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Venerable Liqueurs
By Gerald D. Boyd
Jan 24, 2006
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Venerable liqueurs, such as Chartreuse and Benedictine, have existed for centuries, their recipes kept by their makers under lock from one generation to the next.  Classically rendered and full of finesse, these time-tested drinks bear little resemblance to today's breed of razzle-dazzle liqueurs, which boast a wild mix of brash colors, cloyingly sweet flavors, exotic names and outrageous bottle shapes. 

Liqueur or cordial--which name is correct?  Americans use both names, although cordial is a little out of fashion, while the British and Europeans prefer the word liqueur.  Finding the source of these words is to search in the same area.  The root of cordial is the Latin cor, meaning belonging to the heart.   In the Middle Ages, a cordial usually meant a stimulant or a reviver.  Liqueur, from the Latin word meaning to "dissolve," comes closer to contemporary usage, since the process for making liqueurs involves dissolving selected materials in neutral spirits.

Simply put, a liqueur is a sweetened base spirit flavored with a natural plant agent.  In many cases, the flavor of a liqueur relies on the flavor of the base spirit.  Drambuie is made with Scotch whisky, while brandy is the base spirit for the high-end French liqueur Grand Marnier.  Various so-called cold methods are used to extract flavors from delicate fruits and plants.  Crushed fruits are left in cold water for up to a year in a procedure called infusion.  The liquid is strained off and added to neutral alcohol.  Maceration is the same process except alcohol replaces water then distilled in a pot still to extract all possible flavors.  The third slow procedure for delicate material is known as percolation, where the flavoring agent is placed in the top of a device that resembles a coffee percolator with the spirits in the bottom.  The spirit is pumped through the flavoring agents rather than boiled, a process that can last weeks. 

Faster and more economical procedures for extracting flavors involve distillations in alcohol or water, the latter often used for delicate herbs and flowers.  Once the liqueur is finished, pure distilled water is used to bring the product down to a level between 50 to 80 proof.  Then, sugar or another sweetener is added, and food coloring or herbal dyes are inserted to give the liqueur its distinctive color (such as Green Chartreuse).
Distinctive and oozing with class, the old-guard liqueurs come in a range of styles and flavors.  There are four basic types: herbal, seed and plant, fruit and a small, special group that uses whisky or brandy as the base spirit.  What sets them apart are the closely guarded recipes that have been handed down from generation to generation, each relying on a key ingredient or handful of ingredients.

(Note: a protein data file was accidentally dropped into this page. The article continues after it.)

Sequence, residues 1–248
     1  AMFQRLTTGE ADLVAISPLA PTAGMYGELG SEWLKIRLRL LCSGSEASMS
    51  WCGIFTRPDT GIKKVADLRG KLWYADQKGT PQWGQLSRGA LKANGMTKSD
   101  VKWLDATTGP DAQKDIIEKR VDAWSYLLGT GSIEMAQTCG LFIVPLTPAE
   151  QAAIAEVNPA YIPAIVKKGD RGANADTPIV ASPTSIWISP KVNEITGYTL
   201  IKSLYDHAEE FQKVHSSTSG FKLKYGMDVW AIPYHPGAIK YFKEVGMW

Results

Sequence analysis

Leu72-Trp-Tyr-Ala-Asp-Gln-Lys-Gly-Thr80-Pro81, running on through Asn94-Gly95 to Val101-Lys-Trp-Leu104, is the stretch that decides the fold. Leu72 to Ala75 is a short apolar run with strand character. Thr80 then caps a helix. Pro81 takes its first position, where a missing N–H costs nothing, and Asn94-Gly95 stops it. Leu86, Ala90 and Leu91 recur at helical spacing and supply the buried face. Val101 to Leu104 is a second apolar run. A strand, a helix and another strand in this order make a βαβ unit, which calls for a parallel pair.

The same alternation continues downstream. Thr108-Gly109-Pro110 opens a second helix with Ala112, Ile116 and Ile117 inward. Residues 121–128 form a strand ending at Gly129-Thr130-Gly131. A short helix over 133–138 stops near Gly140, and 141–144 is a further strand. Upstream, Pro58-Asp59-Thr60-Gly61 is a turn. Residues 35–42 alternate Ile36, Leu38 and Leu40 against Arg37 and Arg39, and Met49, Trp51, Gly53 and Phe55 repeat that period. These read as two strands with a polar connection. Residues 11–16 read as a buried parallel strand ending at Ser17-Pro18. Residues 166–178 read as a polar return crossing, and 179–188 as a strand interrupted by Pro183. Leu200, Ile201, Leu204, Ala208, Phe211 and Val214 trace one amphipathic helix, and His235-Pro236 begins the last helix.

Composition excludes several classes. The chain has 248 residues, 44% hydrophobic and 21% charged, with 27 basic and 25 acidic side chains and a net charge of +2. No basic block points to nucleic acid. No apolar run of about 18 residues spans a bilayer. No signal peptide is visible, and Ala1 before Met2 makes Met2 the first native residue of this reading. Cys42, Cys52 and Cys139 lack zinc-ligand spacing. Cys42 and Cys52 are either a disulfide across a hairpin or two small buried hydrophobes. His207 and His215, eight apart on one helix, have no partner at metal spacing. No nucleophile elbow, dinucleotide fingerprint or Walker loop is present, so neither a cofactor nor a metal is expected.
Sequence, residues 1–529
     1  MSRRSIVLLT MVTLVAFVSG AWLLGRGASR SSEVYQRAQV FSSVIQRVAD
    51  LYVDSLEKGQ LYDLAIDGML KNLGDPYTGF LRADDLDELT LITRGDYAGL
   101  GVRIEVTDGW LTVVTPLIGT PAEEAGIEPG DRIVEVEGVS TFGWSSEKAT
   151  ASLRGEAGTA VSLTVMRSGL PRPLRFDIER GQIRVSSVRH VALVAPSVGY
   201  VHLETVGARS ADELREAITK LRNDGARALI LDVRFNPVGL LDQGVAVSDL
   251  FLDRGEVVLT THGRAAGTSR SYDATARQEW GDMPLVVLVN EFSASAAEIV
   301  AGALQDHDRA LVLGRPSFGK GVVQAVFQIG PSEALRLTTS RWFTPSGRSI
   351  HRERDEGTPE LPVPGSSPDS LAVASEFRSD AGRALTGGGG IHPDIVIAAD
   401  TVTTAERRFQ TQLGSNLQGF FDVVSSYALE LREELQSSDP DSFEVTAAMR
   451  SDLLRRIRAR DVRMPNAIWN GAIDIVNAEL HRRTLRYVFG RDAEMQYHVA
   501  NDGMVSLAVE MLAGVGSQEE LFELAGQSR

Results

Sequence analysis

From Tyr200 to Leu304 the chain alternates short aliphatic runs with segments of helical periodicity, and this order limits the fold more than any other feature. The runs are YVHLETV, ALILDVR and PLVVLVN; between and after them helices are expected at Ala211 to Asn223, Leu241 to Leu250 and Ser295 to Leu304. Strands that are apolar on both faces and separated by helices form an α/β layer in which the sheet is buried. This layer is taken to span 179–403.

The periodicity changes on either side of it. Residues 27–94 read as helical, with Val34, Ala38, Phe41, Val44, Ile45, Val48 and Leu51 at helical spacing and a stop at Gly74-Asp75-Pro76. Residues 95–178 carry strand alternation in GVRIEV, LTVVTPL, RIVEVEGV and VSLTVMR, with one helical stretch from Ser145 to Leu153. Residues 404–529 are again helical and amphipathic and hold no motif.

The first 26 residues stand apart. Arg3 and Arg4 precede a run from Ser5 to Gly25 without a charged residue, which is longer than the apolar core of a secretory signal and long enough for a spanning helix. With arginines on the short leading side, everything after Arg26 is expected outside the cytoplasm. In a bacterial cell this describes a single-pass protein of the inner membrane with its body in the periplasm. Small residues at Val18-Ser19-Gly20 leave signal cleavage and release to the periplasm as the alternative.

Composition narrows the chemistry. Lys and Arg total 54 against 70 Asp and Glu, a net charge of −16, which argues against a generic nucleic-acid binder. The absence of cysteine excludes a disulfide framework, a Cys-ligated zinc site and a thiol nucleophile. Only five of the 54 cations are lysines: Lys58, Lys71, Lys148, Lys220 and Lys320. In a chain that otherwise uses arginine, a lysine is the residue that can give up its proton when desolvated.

Preeminent among all liqueurs are those flavored with various types of herbs.  The essential characteristic of herbal liqueurs comes from the blending of many botanicals to form a distinct aroma and flavor wherein no one flavoring agent dominates. 

Today's herbal liqueurs are little more than modern adaptations of ancient elixirs; blends of specific herbs and plants steeped in alcohol that had reputed health benefits and restorative powers.  As early practitioners of holistic medicine, Middle Age alchemists developed the recipes for these secret herbal brews.  Oftentimes, members of religious orders made the crude medicines and dispensed them to the needy. 

The most famous of the herbals are the French "monastery liqueurs" Benedictine and Chartreuse.  Benedictine, a proprietary blend of 27 ingredients, is the oldest of the herbal liqueurs.  In 1510, Benedictine monks first made the elixir that we now know as Benedictine, reputedly to fight malaria.  In 1873, production of Benedictine was placed in secular hands.  Benedictine DOM is a wonderful, complex honeyed liqueur with a bouquet of spice and citrus blossoms.  In 1938, a recipe from Manhattan's 21 Club was adapted to create B&B (Benedictine & Brandy), a spicy, slightly caramelized blend of the original liqueur and aged Cognac. 

Chartreuse was first produced in 1605 as a digestive for the cloistered monks of the Charthusian monastery near Grenoble, France.  The recipe, which is believed to contain 130 Alpine herbs and plants, is reputed to be known to only three monks at any one given time.  Chartreuse is made in two styles: the original yellow, at 40 percent alcohol, and the green, a stronger potion at 55 percent alcohol.  Both masterful blends have high notes of basil and mint, citrus peel and spices.  There is also the incredibly complex and limited V.E.P. edition, aged 12 years, that takes the elegant and complex flavors of Chartreuse to new heights.